What good would a hyper-powerful new desktop computer be without a badass new display? Probably fine, but Apple went ahead and built one called the Pro Display XDR. The company says this 32-inch Retina 6K display can rival a $40,000 reference monitor and handle 1,000 nits of brightness until the end of time thanks to its cheese grater-like heat sink on the back that matches the Mac Pro. The Pro Display XDR also comes with the option to add a fancy stand and hinge that lets you swivel the screen into portrait mode. It’s all very expensive, too. The display itself costs $5,000, and the stand costs $1,000.
Now, let’s talk briefly about the death of iTunes. Apple’s Craig Federighi did an admirable job downplaying the fact that the company was finally killing its popular music/podcast/movie/TV show/iOS device management app with the release of three new standalone apps: Music, Podcasts, and TV. Those three apps handle those three types of media, while iOS device management now gets a special little section in the Finder app. That’s it, don’t cry for iTunes!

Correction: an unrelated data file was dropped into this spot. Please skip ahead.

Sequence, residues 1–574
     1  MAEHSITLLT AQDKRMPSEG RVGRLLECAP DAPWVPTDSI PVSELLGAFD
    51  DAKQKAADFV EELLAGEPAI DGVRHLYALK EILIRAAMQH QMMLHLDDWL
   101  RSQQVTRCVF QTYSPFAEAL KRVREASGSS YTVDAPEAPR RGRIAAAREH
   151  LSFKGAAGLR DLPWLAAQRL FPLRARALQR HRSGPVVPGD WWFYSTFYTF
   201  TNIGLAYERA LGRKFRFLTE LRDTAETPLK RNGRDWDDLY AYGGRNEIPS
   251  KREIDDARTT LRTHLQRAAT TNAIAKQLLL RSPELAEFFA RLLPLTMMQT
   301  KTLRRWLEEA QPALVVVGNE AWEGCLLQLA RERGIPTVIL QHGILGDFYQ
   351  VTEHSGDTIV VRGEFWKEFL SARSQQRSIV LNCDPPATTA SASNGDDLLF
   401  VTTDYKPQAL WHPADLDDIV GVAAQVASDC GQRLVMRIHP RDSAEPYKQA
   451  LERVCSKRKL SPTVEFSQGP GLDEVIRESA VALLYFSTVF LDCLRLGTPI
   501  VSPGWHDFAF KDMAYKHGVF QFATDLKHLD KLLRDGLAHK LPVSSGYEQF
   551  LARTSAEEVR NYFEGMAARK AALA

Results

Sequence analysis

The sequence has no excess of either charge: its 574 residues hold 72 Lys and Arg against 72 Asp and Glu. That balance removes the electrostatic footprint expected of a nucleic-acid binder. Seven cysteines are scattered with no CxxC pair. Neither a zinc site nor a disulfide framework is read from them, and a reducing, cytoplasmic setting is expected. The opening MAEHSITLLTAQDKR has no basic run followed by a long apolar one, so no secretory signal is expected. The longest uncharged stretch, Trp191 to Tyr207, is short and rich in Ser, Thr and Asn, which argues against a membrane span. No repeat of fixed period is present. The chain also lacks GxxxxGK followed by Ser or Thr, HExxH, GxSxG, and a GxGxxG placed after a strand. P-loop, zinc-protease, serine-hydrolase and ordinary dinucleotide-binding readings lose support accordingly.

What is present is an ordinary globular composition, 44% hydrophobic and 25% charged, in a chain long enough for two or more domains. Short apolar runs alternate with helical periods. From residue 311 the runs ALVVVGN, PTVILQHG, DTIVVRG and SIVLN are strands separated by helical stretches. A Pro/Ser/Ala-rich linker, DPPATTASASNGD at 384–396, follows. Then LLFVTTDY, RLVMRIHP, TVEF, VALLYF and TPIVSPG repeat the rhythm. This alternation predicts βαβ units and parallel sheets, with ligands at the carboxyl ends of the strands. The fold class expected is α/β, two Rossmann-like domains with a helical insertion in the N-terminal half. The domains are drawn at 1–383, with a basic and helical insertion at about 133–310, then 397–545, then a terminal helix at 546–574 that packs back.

It turns out Apple’s new operating system for Mac computers is about more than a future without iTunes. The successor to macOS Mojave is called macOS Catalina, and it’s breezy. A new feature called Sidecar lets you use an iPad as a secondary display or drawing tablet. Find My combines the functionality of the various Find My [insert device or Friends here] functions into a new app that also adds the ability to find a device that’s been powered down by using a secure Bluetooth beacon. The Screen Time app is coming to your Mac too, and you can also expect a lot more new Mac apps with the release of Project Catalyst, a new universal framework that makes it easier for iOS and tvOS developers to build apps for macOS.